Allergic rhinitis (AR) affects 20-30% of women in the childbearing age group with an annually increasing prevalence.
The classical clinical symptoms include sneezing, itching, nasal blockage, and nasal discharge. In patients who had allergic rhinitis before, the symptoms may worsen, improve or remain the same during pregnancy.
Rhinitis of Pregnancy
Many pregnant mothers notice some kind of nasal obstruction towards the last part of pregnancy which is termed as rhinitis of pregnancy.
Rhinitis of pregnancy is a clinical condition in pregnant women, characterized by persistent nasal congestion and rhinorrhea for 6 weeks without any shreds of evidence of respiratory infection or history of rhinitis.
The exact cause for this rhinitis in pregnancy is unknown and is suspected to be due to hormonal variations. This usually occurs after the second trimester (6th month) and resolves itself after delivery.
Rhinitis of pregnancy usually doesn’t respond to anti-allergic medications, but intranasal steroid sprays can be prescribed as a trial.
Management of allergic rhinitis in pregnancy
As a general rule, a pregnant mother should avoid most of her medications, or use the lowest possible dose of medications to control her symptoms in pregnancy. All medications the mother is on needs to be reviewed once she is found to be pregnant.
The initial management of allergic rhinitis is to avoid exposure to allergens. This includes closing the windows, usage of sunglasses or masks, limiting outdoor exposure when pollen levels are high, avoiding exposure to animal dandruff, etc.
If the mother is having only mild symptoms, not affecting her quality of life adversely, then she can use saline nasal drops or nasal washing as advised by her doctor.
Drug therapy is recommended when avoidance of allergens is not possible or when avoidance measures fail to control symptoms.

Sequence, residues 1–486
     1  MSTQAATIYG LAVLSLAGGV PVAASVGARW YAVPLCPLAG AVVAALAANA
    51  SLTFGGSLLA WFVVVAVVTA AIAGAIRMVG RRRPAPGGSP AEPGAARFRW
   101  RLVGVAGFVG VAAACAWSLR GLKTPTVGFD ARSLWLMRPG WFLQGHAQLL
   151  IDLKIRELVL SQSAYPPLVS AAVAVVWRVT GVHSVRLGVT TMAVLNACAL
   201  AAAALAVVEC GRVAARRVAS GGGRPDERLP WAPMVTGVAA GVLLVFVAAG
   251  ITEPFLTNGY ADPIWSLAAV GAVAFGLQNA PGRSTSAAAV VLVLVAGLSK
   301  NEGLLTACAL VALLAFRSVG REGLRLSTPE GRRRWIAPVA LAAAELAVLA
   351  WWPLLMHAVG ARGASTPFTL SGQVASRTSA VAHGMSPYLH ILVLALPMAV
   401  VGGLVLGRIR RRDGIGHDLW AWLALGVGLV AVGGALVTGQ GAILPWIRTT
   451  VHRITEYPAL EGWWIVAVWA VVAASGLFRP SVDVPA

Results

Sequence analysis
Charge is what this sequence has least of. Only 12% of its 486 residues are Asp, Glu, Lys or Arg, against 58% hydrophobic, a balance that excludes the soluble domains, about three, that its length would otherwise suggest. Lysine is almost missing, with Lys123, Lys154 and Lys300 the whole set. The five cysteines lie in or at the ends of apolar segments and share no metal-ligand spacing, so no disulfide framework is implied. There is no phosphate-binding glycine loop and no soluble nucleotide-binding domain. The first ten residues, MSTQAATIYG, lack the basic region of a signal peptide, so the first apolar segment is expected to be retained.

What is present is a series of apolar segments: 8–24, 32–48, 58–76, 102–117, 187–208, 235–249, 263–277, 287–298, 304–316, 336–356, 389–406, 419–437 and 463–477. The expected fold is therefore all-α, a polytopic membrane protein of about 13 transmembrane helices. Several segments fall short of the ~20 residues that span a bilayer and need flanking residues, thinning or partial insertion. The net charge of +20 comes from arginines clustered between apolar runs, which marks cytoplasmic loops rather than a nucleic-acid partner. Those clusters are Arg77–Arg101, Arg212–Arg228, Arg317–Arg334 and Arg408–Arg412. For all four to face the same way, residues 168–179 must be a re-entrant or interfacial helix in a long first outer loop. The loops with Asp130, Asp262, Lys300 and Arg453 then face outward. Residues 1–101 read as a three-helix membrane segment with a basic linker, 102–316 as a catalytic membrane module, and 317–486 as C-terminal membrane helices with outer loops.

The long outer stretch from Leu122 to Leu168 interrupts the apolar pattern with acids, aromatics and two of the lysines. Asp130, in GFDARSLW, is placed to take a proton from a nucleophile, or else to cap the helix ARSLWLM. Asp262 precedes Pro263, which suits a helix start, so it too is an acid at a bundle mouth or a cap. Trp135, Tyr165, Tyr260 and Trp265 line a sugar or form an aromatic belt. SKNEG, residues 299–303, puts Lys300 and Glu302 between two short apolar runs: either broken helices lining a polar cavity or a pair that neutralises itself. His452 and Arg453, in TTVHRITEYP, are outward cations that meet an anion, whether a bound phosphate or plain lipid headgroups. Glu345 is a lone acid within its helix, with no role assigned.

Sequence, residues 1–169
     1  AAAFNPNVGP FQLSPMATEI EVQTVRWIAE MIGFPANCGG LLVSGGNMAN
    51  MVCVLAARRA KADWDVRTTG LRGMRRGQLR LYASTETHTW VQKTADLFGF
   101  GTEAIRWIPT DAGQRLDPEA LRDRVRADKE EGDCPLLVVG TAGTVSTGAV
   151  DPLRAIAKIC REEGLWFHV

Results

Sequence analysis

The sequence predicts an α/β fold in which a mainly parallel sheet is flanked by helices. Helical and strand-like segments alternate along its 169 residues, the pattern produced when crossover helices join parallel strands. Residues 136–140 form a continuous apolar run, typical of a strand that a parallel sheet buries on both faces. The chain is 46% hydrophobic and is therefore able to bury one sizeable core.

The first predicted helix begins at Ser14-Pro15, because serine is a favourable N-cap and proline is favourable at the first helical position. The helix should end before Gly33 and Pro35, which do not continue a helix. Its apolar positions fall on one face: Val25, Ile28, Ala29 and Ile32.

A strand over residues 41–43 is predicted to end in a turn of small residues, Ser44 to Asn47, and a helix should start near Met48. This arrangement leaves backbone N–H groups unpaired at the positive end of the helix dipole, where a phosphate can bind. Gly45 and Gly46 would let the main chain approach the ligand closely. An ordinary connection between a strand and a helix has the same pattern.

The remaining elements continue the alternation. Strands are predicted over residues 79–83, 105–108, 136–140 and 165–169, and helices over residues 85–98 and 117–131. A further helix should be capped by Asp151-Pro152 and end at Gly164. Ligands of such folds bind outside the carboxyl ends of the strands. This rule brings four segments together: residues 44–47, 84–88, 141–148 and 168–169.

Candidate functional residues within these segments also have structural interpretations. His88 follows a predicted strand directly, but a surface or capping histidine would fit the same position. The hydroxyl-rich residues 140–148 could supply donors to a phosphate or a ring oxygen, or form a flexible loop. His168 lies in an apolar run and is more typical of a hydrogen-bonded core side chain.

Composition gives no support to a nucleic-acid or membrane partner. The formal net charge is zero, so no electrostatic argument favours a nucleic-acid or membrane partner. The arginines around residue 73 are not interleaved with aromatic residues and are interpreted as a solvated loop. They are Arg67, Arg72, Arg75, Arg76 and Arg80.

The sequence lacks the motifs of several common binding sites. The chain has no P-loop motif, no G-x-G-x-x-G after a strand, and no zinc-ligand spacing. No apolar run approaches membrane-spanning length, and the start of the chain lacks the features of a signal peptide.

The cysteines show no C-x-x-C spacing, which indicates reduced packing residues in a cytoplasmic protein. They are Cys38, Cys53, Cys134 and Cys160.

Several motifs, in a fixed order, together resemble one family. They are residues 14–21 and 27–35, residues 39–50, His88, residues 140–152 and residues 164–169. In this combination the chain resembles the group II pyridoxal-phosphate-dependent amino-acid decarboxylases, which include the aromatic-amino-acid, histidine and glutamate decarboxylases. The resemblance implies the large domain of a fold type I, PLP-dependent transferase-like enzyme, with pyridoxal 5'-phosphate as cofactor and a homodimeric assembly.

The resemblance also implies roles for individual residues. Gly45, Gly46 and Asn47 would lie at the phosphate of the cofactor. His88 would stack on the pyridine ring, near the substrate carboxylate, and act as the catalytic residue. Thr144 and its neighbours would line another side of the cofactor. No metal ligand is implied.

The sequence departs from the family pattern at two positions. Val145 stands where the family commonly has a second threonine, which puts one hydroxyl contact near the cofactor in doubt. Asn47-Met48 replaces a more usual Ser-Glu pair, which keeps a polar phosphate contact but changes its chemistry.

Medical management of rhinitis in pregnancy
If medications are needed in pregnancy, selection of anti-allergic medications should be based on the US Food and Drug Administration (FDA) risk categories.
- Category A – Adequate and well-controlled studies have failed to demonstrate a risk to the fetus in the first trimester of pregnancy (and there is no evidence of risk in later trimesters).
- Category B – Animal reproduction studies have failed to demonstrate a risk to the fetus and there are no adequate and well-controlled studies in pregnant women.
- Category C – Animal reproduction studies have shown an adverse effect on the fetus and there are no adequate and well-controlled studies in humans, but potential benefits may warrant the use of the drug in pregnant women despite potential risks.
- Category D – There is positive evidence of human fetal risk based on adverse reaction data from investigational or marketing experience or studies in humans, but potential benefits may warrant the use of the drug in pregnant women despite potential risks.
- Category X – Studies in animals or humans have demonstrated fetal abnormalities and/or there is positive evidence of human fetal risk based on adverse reaction data from investigational or marketing experience, and the risks involved in the use of the drug in pregnant women clearly outweigh potential benefits.
Category A and B drugs are considered to be safe, while category D and X are avoided during pregnancy. Category C drugs should be judiciously used in pregnant women.
As of today, there exists no category A anti-allergic medications. Most of the medications belong to group B or C.
Intranasal steroids (INS)
INS also called as corticosteroid nasal sprays are considered to be the most effective drug (drug of choice) in treatment of allergic rhinitis.
They include various formulations like – Fluticasone, Mometasone, Budesonide, Flunisolide, and Triamcinolone. Though guidelines consider all these as safe during pregnancy, all these drugs except budesonide belong to category C, while Budesonide is the only category B drug. If not budesonide, the least absorbed medications like mometasone or fluticasone is considered to be the alternatives in pregnant ladies with rhinitis.
“Because studies in humans cannot rule out the possibility of harm, Budesonide should be used in pregnancy only if clearly indicated.”